There’s been so many dude. I would love to just give you one, but there have just been so many. Signing a record deal in 1994 to Atlantic Records in our local pizza shop in Newport Beach was pretty special. I’m looking at this contract from Atlantic Records where bands like AC/DC, Led Zeppelin, Aretha Franklin, Otis Redding, all of these incredible artists had signed to and I’m about to put my initial into the heritage of Atlantic Records. That was pretty incredible. Every moment man. The first time you hear your song on the radio. Getting a gold record from Atlantic Records in the hallways of Atlantic was amazing. Getting to play with Willie Nelson was unbelievable. Opening for The Rolling Stones for a week was a thrill. Looking at the side of the stage and seeing Mick Jagger shaking his head, it doesn’t get much better than that. Ultimately, I would say the greatest moment for me is we’re still living it and the fact that all five of us are still together after twenty one years. We started out with four in 1988, we picked up our DJ in 1994, and we’re still all together. We’ve gone through all of the tenets of behind the music that destroy a band. The money issues, the problems, the women, the drugs, the booze. We’re still here. That to me is the greatest testament and the greatest achievement of the band for sure.
You just released ‘Music For Cougars’ on July 21, 2009. What can you tell us about the new album?
We didn’t know we were going to make a record. We had a buddy who got a label deal, his name is Josh Abraham. He’s kind of a rock and roll producer, he produced Velvet Revolver, Limp Bizkit, Korn, Staind. He’s a good friend of mine. He said, “Listen you guys. I know you guys are still together. I got a little record deal. You guys want to make a record? We’ll throw a little bit of money together and have some fun and get creative.” We said, “Sure! Let’s do it!” One thing we wanted to do when we made this record, we certainly were not thinking about selling millions of copies, was making a Sugar Ray sounding record. We got a little out of our lane with the last record. We were trying to change with the times and evolve, which was the right move at the time, but it just wasn’t necessarily successful for us. We worked with The Neptunes and Pharrell and we really tried to get out of our lane. With this one we said, “Lets make a Sugar Ray record with the melodies and the harmonies. Let’s feel like we are on the beach again.” That’s what I think we achieved on this one.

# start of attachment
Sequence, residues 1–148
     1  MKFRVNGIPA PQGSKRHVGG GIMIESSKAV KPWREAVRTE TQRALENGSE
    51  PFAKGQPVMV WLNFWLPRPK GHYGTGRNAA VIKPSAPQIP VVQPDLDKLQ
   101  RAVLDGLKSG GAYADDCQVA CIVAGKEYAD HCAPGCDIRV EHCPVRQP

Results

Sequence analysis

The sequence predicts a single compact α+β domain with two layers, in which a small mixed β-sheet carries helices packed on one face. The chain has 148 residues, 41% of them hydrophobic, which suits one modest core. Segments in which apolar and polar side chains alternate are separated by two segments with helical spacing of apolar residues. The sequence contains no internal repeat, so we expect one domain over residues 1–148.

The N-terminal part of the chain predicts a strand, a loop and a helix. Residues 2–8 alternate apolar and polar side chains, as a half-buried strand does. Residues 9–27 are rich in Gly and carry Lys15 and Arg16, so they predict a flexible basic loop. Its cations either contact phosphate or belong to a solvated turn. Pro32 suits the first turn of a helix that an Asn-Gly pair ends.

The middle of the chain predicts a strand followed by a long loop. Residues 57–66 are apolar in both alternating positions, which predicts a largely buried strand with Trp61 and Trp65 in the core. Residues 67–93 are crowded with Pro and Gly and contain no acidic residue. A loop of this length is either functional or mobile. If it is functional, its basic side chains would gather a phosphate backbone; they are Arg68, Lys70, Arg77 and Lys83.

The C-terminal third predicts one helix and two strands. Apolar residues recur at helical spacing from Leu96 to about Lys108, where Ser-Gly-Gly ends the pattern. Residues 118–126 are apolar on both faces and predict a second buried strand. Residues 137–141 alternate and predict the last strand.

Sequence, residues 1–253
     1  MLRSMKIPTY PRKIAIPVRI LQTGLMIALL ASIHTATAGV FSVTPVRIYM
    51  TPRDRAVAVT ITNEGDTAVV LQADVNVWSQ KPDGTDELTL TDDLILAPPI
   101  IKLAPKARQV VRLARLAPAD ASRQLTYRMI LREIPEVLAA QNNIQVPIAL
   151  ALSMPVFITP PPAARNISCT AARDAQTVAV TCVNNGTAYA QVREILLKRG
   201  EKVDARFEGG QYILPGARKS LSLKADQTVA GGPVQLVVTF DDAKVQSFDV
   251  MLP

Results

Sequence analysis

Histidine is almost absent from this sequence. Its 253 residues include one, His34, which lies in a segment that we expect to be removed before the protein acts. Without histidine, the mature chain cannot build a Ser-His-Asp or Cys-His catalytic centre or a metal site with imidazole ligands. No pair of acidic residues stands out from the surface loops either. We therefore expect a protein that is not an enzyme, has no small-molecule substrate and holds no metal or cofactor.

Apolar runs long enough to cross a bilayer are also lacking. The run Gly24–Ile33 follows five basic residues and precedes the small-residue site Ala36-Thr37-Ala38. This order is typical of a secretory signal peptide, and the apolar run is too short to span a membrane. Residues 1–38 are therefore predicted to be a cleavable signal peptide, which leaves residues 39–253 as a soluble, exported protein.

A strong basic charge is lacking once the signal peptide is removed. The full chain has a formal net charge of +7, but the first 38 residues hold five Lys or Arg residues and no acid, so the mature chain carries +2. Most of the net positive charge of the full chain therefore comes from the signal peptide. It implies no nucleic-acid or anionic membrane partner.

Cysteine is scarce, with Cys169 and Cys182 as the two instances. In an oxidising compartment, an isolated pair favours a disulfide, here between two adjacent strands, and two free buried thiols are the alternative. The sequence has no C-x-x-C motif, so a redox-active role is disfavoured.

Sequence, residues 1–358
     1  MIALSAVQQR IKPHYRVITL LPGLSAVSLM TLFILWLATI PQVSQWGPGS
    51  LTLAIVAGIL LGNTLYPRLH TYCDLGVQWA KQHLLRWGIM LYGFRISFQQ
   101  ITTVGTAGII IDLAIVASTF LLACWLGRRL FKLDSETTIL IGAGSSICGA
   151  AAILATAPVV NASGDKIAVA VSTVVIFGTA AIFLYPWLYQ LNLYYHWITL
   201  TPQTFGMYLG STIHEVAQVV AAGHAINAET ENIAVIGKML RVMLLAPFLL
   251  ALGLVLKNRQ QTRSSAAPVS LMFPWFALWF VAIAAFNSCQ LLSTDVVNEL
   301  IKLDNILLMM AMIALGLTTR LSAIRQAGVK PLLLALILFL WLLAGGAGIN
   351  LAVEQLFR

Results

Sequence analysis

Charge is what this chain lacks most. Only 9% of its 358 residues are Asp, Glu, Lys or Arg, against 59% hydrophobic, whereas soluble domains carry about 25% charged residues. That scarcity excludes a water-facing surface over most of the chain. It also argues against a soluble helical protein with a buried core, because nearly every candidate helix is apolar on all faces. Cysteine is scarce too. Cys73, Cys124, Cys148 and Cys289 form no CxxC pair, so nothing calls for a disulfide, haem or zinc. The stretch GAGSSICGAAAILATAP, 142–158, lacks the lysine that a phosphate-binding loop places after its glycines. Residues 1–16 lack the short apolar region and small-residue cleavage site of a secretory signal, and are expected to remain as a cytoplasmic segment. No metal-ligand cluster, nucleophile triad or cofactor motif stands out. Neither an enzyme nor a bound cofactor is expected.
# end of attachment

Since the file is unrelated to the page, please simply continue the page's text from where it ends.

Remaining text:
What was it like working with producer Josh Abraham and producer/songwriter Luke Walker?
Josh is great man. I’ve known Josh… He was working with DJ Lethal from House of Pain, who produced our first record from ’94. I knew Josh back then. He’s become a great friend through the years. He’s just real mellow. He’s one of those producers who kind of let’s you go and figure things out yourself. He’s one of the greatest guitar players that never plays guitar. It’s funny. He’s so musically inclined and technologically proficient that it really helped us out a lot. Luke was the other part that really helped us shape the songs. I didn’t know what to expect over there at Pulse. They have all of these up and coming writers and producers that are just super creative. We were kind of reaching an impasse with the record last December. We were kind of writing the same old formulaic stuff. We’re lucky that we had a guy like Luke, who kind of can see outside and know what Sugar Ray was about, but add his own new young and energetic spin to it. He really was the catalyst for kick starting the songwriting again. Thank God for Luke or we wouldn’t have gotten the record finished. When Josh wasn’t there, Luke was instrumental in getting sounds and laying tape down. It is a real solid, competent family over there at Pulse.
This is the first album of new material since 2003’s ‘In The Pursuit of Leisure’. What have you been up to for all of those years? Did the band break up?
I think that was the common misconception. I got a lot just walking around town. People were like, “It’s too bad Sugar Ray broke up!” I understand because I did take the job at Extra. I was working there on an entertainment news show for about four years. We never made an announcement that we were breaking up or anything. In fact we were still signed to Atlantic until three or four years into my Extra tenure. We just hadn’t written any new material. We were still doing about thirty or forty shows a year and playing live a lot because we certainly love to play live. We did a song for the soundtrack for ‘Surf’s Up’ in 2007 called “Into Yesterday.” Josh of our new label heard that and said, “It’s killer! You guys want to make some more of these? Let’s keep ’em moving?” We said, “Sure, let’s do it!” So that’s kind of how that whole thing came about. The rest of the guys kind of wanted to take a break too. We had been consistently touring around the world and recording for about eleven years at that point. We took a break in 2004. They had little babies and they wanted to raise them. We said, “Let’s take a break.” We were fortunate to have that luxury, to be able to play live and just figure out where phase two of Sugar Ray fits in.